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The stone steps were completed in 2022, with a staggering 3,292 steps up to the top of the spectacular Rørsethornet (659 metres above sea level) in Midsund.

In this little island paradise in Northwest, Sherpas from Nepal have also built stone steps up to the lofty summits of Digergubben, Bløkallen and Midsundhornet, and part of the way up to the top of Akslahornet. This project is known in the municipality as Midsundtrappene (the Midsund steps), which together will comprise more than 10,000 steps by the time the project is finished. Project manager Kolbjørn Ove Stølen estimates that the final price will come to around NOK 30 million, including the steps and parking facilities and other necessary facilities.

Take the stairs! In total, 10,000 steps on several paths make the mountain accessible in Midsund.|© Øyvind Kåre Sunde

National attraction between the sky and the sea

Hiking up the Midsund steps has become a popular activity among locals and visitors alike. ‘More than 50,000 visits were registered from May to December 2019,’ Stølen says.

‘What makes the Midsund steps a unique experience is the special view and the feeling you get at the top of the mountains, way out at the ocean’s edge,’ says project manager Stølen.
‘Hiking between the fjord, sky and mountains makes for a unique experience in itself. A number of buildings will also be built that will make this a national attraction,’ says Stølen.

Carry rocks weighing hundreds of kilos

Blocks of rock weighing more than one tonne each are taken from the mountains in Midsund and transported to the Sherpas by helicopter. They then work the blocks into the path. ‘The Sherpas’ work is very impressive and will bring pleasure to people for hundreds of years,’ says Stølen. ‘It’s easy to be impressed by the Sherpas’ strength and technique as they handle the huge blocks of rock.’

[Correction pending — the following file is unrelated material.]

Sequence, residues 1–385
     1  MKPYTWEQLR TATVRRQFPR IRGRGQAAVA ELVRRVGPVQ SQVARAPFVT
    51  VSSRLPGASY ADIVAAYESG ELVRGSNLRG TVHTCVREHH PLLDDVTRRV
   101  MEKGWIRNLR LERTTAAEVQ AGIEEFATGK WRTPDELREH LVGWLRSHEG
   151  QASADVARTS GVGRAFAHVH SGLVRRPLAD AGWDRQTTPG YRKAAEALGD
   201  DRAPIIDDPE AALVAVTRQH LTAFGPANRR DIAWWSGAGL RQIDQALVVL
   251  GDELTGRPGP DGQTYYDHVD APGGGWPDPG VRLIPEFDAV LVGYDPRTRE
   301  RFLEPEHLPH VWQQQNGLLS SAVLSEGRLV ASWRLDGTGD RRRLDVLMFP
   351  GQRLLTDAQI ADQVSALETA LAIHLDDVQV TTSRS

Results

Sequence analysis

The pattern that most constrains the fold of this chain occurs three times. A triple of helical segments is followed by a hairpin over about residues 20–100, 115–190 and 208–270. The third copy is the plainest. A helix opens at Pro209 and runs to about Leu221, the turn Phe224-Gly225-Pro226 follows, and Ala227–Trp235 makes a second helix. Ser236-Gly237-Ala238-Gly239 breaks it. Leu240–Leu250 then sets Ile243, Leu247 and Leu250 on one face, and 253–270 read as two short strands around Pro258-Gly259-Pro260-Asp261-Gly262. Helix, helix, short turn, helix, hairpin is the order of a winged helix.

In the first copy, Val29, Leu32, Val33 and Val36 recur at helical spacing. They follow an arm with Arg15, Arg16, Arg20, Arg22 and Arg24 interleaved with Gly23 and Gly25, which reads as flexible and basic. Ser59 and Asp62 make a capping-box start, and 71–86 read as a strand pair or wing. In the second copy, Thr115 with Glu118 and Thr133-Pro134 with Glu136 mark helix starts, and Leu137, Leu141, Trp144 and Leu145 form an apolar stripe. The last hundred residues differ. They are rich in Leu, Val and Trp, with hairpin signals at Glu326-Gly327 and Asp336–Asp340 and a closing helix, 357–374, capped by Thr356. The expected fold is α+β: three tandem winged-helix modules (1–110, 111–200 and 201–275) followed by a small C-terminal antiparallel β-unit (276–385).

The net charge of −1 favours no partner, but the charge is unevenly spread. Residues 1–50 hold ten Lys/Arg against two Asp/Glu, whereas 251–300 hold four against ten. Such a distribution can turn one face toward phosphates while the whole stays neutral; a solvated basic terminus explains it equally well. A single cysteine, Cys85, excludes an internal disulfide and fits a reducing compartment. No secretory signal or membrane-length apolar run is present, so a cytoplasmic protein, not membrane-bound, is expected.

Record speed

The stone steps up to Digergubben were completed in record time back in 2016. ‘Project planning started in February 2016, and 1,600 steps and flagstones had already been put in place up to the top of Digergubben by October of that year. That’s a record in Norway when it comes to the number of steps per season,’ says Stølen. ‘The skilled Sherpas have also built picnic areas and viewpoints along the path, which really make the walks a wonderful experience.’

Built by professionals

It was Stølen’s idea to bring in specialists from Nepal to renew the popular walking paths in Midsund. ‘I was inspired by a TV programme that showed what the fantastic Sherpas from Nepal had done other places in Norway,’ Stølen says. Similar steps have also been built up to Nesaksla in Rauma. ‘It’s great to see the enthusiasm and passion the Sherpas have for their work. They’re professionals who really know what they’re doing,’ he concludes.

Initiator Kolbjørn Ove Stølen (at the back) stands with the skilled craftsmen who have built the stairs. From left to right: Mingma Temba Sherpa, Sonam Tshering Sherpa, Monaj Magar, and Bhala Kaji Rai.|© TIBE Reklamebyraa